Searching over 5,500,000 cases.

Buy This Entire Record For $7.95

Download the entire decision to receive the complete text, official citation,
docket number, dissents and concurrences, and footnotes for this case.

Learn more about what you receive with purchase of this case.

Jeffers v. Farm Bureau Property & Casualty Insurance Co.

United States District Court, D. Arizona

August 28, 2014

Willard G. Jeffers, Plaintiff,
Farm Bureau Property & Casualty Insurance Company, Defendant.


JOHN W. SEDWICK, Senior District Judge.


At docket 31 defendant Farm Bureau Property & Casualty Insurance Company ("Farm Bureau") moves for summary judgment pursuant to Rule 56 against plaintiff Willard G. Jeffers ("Jeffers"). Jeffers opposes at docket 46. Farm Bureau filed a reply at docket 52. Oral argument was not requested and would not assist the court.


Jeffers' property in Glendale was among the thousands of Phoenix-area properties that were damaged in an October 5, 2010, hail storm. Jeffers reported the damage to Farm Bureau, his property insurance company, and they dispatched an adjuster to investigate. The adjuster, Michael Shearer, inspected the property on either October 18 or October 19 and made notes of the damage he observed.[1] Shearer inspected Jeffers' house, shed, gazebo, detached office, and pigeon loft. Shearer did not immediately enter his notes into Farm Bureau's online database; he waited two to four days to do so.[2]

Shearer's notes reflect that he observed damage to Jeffers' dwelling and pigeon loft but "[n]o other damages to other structures."[3] Shearer then arranged for a representative of KY-KO Roofing to inspect Jeffers' foam roof, who concluded that the roof had to be replaced.[4] Shearer compiled a list of damages and their cost of repair into two "damages worksheets." These worksheets list damage to foam and tile roofs on Jeffers' house, to the fiberglass roof on Jeffers' pigeon loft, and to a wood fence. They also list unspecified "tree removal/cleanup."[5] Although Shearer's notes state that Jeffers agreed with these worksheets and with the claim he prepared, [6] Jeffers denies that he had any conversations with Shearer about the scope of the damage and repair work that was needed.[7] On October 23, Farm Bureau issued its first payment on Jeffers' claim. It issued another payment on December 23 for recoverable depreciation after repairs were preformed.[8]

In 2011 Jeffers submitted two additional claims to Farm Bureau related to the October 2010 hail storm. In January 2011, a heating and cooling contractor inspected Jeffers' air conditioning units. The contractor concluded that one of the units had extensive hail damage and needed to be replaced, and the other unit had "some hail damage" that "may be able to be combed out."[9] Jeffers submitted a claim to Farm Bureau. On January 8, Farm Bureau paid Jeffers 50 percent of the replacement value of the air conditioner that needed to be replaced (with the other 50 percent payable upon repair) and the full value of repair to the other unit.[10] In March 2011, Jeffers obtained a quote for the instillation of a new roof for his shed due to hail damage. Jeffers submitted the quote to Farm Bureau. Farm Bureau paid Jeffers the full amount.[11]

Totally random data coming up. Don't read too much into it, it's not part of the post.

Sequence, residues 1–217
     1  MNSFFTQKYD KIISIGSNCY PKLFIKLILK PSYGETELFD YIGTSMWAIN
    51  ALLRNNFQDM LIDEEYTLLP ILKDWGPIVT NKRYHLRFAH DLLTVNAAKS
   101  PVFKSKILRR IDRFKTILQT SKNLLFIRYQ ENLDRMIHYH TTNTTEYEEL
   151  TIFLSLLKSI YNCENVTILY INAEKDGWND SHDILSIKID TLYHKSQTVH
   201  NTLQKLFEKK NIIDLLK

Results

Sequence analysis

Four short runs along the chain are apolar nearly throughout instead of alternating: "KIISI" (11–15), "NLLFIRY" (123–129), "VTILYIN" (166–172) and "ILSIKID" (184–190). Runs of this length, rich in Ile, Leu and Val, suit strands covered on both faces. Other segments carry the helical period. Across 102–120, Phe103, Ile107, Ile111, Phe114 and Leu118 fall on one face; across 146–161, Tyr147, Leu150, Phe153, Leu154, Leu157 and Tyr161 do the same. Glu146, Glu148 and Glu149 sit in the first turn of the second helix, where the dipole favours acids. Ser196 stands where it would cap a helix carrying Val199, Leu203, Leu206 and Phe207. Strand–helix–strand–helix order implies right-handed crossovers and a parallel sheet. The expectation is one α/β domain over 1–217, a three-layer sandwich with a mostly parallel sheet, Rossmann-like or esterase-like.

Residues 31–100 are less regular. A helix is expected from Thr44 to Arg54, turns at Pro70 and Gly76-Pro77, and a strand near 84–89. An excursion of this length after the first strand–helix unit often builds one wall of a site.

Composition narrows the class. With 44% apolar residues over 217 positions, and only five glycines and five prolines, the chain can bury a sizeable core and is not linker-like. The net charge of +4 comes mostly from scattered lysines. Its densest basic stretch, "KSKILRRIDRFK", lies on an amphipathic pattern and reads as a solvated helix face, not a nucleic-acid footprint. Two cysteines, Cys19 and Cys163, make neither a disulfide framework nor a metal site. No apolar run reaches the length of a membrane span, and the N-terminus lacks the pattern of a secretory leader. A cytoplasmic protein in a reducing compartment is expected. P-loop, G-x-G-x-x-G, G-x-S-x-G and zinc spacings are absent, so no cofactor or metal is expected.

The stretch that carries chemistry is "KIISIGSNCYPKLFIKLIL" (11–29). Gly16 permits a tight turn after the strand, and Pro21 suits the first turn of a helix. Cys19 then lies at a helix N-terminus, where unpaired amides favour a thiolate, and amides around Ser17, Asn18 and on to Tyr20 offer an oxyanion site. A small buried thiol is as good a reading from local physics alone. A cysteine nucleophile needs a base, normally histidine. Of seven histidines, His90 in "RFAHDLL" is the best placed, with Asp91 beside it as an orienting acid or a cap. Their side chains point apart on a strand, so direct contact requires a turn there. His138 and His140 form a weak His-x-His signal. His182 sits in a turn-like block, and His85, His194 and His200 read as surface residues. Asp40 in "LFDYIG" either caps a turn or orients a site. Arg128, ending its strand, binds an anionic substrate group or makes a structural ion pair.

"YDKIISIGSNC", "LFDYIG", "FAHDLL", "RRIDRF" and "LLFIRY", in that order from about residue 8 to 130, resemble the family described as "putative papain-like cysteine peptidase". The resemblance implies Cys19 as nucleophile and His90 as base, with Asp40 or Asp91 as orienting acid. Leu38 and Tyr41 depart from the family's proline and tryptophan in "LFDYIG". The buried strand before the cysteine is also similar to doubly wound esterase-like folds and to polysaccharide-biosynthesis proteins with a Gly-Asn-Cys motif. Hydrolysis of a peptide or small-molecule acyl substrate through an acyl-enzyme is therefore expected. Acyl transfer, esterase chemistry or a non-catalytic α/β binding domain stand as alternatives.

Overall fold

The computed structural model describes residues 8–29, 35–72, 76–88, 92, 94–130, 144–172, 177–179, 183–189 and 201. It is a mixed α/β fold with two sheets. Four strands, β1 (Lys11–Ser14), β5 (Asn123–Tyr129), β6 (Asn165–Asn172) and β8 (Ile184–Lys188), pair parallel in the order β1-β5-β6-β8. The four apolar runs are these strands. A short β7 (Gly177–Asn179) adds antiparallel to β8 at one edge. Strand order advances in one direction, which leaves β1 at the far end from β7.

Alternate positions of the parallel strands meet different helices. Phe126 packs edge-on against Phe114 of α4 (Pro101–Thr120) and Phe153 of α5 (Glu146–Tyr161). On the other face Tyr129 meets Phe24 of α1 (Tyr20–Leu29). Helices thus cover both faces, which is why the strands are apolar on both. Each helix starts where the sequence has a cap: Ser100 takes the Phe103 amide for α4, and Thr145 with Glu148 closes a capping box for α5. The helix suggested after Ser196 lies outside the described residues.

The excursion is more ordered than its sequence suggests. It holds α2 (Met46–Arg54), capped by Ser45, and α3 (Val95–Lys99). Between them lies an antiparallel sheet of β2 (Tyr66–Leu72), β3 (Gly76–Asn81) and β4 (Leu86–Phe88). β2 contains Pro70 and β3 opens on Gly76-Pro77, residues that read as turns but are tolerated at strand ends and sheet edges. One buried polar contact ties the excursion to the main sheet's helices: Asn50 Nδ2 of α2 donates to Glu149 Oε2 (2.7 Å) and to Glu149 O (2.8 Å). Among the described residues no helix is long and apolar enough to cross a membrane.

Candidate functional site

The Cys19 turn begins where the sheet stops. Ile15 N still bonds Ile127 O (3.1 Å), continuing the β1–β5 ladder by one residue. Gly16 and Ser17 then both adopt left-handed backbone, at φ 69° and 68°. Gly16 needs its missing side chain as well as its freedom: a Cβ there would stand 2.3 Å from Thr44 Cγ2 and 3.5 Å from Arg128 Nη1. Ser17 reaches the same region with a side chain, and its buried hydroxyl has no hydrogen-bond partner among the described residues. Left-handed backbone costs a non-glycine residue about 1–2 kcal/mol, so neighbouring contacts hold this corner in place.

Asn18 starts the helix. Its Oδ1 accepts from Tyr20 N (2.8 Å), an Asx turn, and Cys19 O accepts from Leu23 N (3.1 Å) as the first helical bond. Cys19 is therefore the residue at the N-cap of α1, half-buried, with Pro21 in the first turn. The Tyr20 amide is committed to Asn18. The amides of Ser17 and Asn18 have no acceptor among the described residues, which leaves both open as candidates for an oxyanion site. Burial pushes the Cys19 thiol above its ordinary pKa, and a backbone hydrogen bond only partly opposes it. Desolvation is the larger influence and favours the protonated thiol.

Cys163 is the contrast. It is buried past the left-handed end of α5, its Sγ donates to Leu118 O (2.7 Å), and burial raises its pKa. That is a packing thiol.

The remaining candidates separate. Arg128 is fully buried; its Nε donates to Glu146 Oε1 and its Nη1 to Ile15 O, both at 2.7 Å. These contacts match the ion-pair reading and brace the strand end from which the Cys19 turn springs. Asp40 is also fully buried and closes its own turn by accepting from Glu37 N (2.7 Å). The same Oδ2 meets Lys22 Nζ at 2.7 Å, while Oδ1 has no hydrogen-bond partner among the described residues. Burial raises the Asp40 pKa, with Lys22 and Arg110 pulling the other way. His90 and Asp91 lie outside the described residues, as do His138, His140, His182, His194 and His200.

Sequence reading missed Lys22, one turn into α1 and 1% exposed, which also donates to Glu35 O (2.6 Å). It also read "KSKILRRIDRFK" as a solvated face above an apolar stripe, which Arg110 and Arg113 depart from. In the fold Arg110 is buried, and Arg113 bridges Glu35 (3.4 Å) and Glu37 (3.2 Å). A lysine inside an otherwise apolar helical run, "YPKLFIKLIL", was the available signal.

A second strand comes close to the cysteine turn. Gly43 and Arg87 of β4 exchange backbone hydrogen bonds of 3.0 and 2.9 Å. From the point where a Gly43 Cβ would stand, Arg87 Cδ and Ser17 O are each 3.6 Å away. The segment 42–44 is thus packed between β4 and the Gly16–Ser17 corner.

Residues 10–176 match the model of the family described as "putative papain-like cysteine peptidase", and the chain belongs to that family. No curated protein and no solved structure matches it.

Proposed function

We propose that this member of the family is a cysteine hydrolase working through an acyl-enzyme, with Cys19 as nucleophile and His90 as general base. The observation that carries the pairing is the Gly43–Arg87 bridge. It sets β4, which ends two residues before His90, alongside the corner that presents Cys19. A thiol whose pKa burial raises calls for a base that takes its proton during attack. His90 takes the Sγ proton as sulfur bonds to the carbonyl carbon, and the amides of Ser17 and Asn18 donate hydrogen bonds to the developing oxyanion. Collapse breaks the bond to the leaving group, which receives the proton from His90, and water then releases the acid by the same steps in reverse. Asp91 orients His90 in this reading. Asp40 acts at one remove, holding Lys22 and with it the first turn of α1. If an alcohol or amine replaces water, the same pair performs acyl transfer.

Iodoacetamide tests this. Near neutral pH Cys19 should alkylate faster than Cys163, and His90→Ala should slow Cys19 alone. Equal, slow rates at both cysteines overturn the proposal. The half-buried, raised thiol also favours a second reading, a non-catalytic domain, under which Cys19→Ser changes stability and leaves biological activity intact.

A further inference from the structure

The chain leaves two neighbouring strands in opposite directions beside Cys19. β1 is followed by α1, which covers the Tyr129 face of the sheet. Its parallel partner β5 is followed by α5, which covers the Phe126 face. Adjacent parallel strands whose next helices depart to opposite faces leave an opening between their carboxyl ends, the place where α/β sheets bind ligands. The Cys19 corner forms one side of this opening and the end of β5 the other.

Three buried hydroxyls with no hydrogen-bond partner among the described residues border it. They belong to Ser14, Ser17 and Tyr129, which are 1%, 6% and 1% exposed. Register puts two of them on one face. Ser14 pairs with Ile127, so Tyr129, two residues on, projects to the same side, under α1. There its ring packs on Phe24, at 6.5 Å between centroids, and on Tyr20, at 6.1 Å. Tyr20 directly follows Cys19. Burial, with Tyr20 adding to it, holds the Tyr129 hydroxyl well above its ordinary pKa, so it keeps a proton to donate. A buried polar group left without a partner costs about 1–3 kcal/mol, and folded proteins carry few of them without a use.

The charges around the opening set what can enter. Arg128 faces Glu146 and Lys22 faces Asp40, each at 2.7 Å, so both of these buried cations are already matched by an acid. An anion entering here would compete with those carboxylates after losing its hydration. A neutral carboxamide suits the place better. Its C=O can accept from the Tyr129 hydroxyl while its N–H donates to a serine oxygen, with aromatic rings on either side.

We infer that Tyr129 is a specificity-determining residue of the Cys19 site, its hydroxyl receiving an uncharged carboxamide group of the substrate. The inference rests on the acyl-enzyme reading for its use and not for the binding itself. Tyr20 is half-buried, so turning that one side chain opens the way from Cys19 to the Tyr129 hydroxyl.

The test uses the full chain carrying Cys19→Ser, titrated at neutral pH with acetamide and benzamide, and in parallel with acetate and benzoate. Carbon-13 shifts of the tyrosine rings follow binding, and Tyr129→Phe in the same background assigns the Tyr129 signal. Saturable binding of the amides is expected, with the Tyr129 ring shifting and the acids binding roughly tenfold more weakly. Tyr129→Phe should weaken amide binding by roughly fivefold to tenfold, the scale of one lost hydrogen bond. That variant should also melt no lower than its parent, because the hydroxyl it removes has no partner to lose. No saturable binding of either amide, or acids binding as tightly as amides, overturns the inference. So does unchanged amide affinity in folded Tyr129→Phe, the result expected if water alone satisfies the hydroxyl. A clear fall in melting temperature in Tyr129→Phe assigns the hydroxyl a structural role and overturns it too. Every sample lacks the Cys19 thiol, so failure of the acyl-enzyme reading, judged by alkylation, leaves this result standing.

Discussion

In September 2012 an independent adjuster, Austin Insurance Services, inspected Jeffers' property.[12] Austin Insurance Services' report concludes that Jeffers' property requires $50, 936.86 in repairs due to hail damage.[13] Jeffers sued Farm Bureau in Arizona court in November 2012, alleging that Farm Bureau breached the insurance contract and the implied covenant of good faith and fair dealing. Farm Bureau removed the case to federal court.


Summary judgment is appropriate where "there is no genuine dispute as to any material fact and the movant is entitled to judgment as a matter of law."[14] The materiality requirement ensures that "only disputes over facts that might affect the outcome of the suit under the governing law will properly preclude the entry of summary judgment."[15] Ultimately, "summary judgment will not lie if the... evidence is such that a reasonable jury could return a verdict for the nonmoving party."[16] However, summary judgment is mandated under Rule 56 "against a party who fails to make a showing sufficient to establish the existence of an element essential to that party's case, and on which that party will bear the burden of proof at trial."[17]

The moving party has the burden of showing that there is no genuine dispute as to any material fact.[18] Where the nonmoving party will bear the burden of proof at trial on a dispositive issue, the moving party need not present evidence to show that summary judgment is warranted; it need only point out the lack of any genuine dispute as to material fact.[19] Once the moving party has met this burden, the nonmoving party must set forth evidence of specific facts showing the existence of a genuine issue for trial.[20] All evidence presented by the non-movant must be believed for purposes of summary judgment, and all justifiable inferences must be drawn in favor of the non-movant.[21] However, the non-moving party may not rest upon mere allegations or denials, but must show that there is sufficient evidence supporting the claimed factual dispute to require a fact-finder to resolve the parties' differing versions of the truth at trial.[22]

If summary judgment is not appropriate, Rule 56(g) empowers courts to issue partial summary judgment orders that specify facts or legal issues that are without controversy.


A. Breach of ...

Buy This Entire Record For $7.95

Download the entire decision to receive the complete text, official citation,
docket number, dissents and concurrences, and footnotes for this case.

Learn more about what you receive with purchase of this case.